To preserve our identity, we must translate our values into the language of the country in which we live: Romanian priest in Italy

In an interview offered for the Communication Department of the Romanian Orthodox Diocese of Italy, father Gheorghe Verzea, a parish priest in Padua since 2000, talked about the risk of losing the Romanian identity in the Italian communities.

Be smart

The priest believes that “we should have the intelligence to learn from older emigrations.”

“For example, from the Romanians who left for America at the beginning of the last century and who have already passed the third and fourth generation. Let’s learn from them to make a change, very clear, especially in the language. We are very attached to the language and all our traditions, and it is natural. But the time will come when we will have to translate all our values ​​into the language of the country where the community lives.”

“If we have the intelligence to learn from others and apply in our lives here in Italy, we will benefit.”

Italian language in worship

Father Verzea claims that introducing the Italian language in worship would be a factor that helps to preserve the identity and not to lose it.

“Think that at Christmas the children sing: “Small and swaddled, in a cotton diaper”, but very few understand what these words mean. They sing for our sake, but to touch their child’s soul, you have to speak in the language in which they think,” the Romanian priest pointed out.

“Our children think, dream, play and quarrel in Italian. I believe that little by little, for the sake of the children, we will have to make more room, in worship, for the Italian language. This is the chance to preserve our identity and carry on the faith in which we were born.”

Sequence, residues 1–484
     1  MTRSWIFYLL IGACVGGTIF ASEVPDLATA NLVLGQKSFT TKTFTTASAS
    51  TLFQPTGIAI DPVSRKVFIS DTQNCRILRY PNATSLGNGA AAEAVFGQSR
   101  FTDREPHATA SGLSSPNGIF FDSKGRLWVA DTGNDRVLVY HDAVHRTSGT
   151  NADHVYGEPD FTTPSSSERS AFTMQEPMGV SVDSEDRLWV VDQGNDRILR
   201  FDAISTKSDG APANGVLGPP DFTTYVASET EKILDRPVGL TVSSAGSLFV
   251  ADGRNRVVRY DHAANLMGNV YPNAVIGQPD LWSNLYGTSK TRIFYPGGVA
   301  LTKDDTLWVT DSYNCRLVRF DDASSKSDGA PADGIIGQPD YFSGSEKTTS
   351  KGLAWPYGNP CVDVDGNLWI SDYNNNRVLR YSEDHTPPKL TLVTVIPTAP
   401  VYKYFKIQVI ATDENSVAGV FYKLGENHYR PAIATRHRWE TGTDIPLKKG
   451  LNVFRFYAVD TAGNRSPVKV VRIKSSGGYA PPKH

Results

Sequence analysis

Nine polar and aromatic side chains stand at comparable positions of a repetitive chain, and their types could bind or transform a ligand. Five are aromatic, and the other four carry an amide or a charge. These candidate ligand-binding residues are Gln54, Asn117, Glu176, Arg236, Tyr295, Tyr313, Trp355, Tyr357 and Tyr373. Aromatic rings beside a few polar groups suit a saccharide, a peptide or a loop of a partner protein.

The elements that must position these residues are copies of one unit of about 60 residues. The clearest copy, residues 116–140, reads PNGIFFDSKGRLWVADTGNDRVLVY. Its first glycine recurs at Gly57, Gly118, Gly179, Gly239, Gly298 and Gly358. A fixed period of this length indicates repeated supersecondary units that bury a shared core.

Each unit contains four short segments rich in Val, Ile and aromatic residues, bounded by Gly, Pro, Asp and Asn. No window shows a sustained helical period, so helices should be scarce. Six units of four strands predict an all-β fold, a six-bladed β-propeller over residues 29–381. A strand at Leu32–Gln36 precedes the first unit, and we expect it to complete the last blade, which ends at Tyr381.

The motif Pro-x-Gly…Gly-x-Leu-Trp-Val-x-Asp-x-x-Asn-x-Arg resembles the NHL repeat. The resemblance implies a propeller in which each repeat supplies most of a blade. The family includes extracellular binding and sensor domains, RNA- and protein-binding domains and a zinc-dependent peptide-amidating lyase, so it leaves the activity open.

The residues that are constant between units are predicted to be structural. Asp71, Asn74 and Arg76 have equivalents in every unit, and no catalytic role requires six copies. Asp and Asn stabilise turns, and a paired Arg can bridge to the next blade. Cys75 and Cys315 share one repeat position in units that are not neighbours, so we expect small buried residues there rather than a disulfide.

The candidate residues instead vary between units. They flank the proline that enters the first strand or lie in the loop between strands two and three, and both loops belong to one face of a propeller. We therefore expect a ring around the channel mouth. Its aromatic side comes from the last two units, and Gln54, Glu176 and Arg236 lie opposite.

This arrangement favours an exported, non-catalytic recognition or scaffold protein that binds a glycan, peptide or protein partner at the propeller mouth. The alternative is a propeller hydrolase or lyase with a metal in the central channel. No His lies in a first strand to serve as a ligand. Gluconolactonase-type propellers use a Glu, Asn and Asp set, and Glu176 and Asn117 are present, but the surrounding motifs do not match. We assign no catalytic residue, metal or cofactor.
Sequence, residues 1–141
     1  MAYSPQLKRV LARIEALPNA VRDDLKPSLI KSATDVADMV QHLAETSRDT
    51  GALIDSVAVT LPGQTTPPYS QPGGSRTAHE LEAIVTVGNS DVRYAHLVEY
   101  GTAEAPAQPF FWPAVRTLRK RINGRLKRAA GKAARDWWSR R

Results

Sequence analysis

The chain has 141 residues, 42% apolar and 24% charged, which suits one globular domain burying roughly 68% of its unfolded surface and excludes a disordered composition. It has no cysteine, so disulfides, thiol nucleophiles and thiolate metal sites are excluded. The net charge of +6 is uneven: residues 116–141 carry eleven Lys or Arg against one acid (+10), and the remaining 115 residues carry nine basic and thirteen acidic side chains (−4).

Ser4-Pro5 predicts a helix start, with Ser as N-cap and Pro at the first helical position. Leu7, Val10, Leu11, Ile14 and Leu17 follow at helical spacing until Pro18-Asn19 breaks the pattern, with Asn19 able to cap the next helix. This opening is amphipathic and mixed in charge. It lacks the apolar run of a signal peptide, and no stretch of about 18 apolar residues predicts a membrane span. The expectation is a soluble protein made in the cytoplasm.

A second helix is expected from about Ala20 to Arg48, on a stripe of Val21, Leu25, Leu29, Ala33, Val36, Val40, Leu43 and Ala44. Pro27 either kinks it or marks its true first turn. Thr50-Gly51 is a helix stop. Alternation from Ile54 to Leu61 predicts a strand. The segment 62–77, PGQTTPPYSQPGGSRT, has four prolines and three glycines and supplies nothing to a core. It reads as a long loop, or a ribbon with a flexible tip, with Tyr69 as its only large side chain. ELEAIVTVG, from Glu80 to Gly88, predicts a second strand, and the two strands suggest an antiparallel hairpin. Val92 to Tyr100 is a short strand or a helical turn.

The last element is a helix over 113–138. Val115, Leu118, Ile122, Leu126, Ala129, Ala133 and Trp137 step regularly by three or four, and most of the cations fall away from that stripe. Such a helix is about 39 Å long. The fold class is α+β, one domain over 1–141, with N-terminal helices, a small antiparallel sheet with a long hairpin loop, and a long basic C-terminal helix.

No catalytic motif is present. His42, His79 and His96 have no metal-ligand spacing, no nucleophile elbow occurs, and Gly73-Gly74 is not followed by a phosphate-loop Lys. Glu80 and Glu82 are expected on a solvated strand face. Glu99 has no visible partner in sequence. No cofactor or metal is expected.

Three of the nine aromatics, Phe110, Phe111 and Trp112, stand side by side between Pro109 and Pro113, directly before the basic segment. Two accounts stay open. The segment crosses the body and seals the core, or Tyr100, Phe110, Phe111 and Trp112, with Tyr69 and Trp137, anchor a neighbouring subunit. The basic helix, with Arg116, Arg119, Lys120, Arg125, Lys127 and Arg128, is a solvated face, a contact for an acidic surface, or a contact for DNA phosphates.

“For many years, His Grace Bishop Siluan of the Romanian Orthodox Diocese of Italy has encouraged us to say at least a small litany, a litany of fervent supplication, as well as the “Our Father” in Italian.”

Romanian in the family

On the other hand, the priest advises parents not to speak Italian with their children.

“We must not worry too much about assimilating the Italian language. My opinion is that we, the adults, who are born in Romania if we speak Italian, do a disservice to the children. Because, until they go to kindergarten and school, they learn Italian from us and learn it wrong.”

“Then, to teach our children the Romanian language costs us nothing. On the contrary, I would say that it is natural for us to speak our language. Why not give our children a key to enter another culture? This is not a small thing, because others spend serious money to learn a foreign language, and it comes naturally to us. This is my thought regarding the transmission or loss of the Romanian language,” Father Gheorghe Verzea from Padua noted.

Father Gheorghe Verzea was born in 1969, in Câmpulung-Muscel, Argeș County. During 1987-1992, he graduated from the Orthodox Theological Seminary in Bucharest, and between 1992-1996 those from the “Justinian Patriarch” Faculty of Orthodox Theology. A year later, he was admitted to attend the Doctoral School’s courses of the same academic institution. In October 1997, he received a scholarship from the Catholic Diocese of Padua to continue his theological studies at the “San Bernardino” Institute in Venice. On April 23, 1998, he was ordained a deacon by His Eminence Archbishop Calinic of Argeș and Muscel. A few months later, on September 13, he was ordained a priest on behalf of the Diocesan Cathedral of Curtea de Argeș. Since 2000 he has been pastor of the Church of the “Holy Apostles Peter and Paul” in Padua. © Diocese of Italy .

Photo source: Facebook /  Holy Apostles Peter and Paul Parish in Padua

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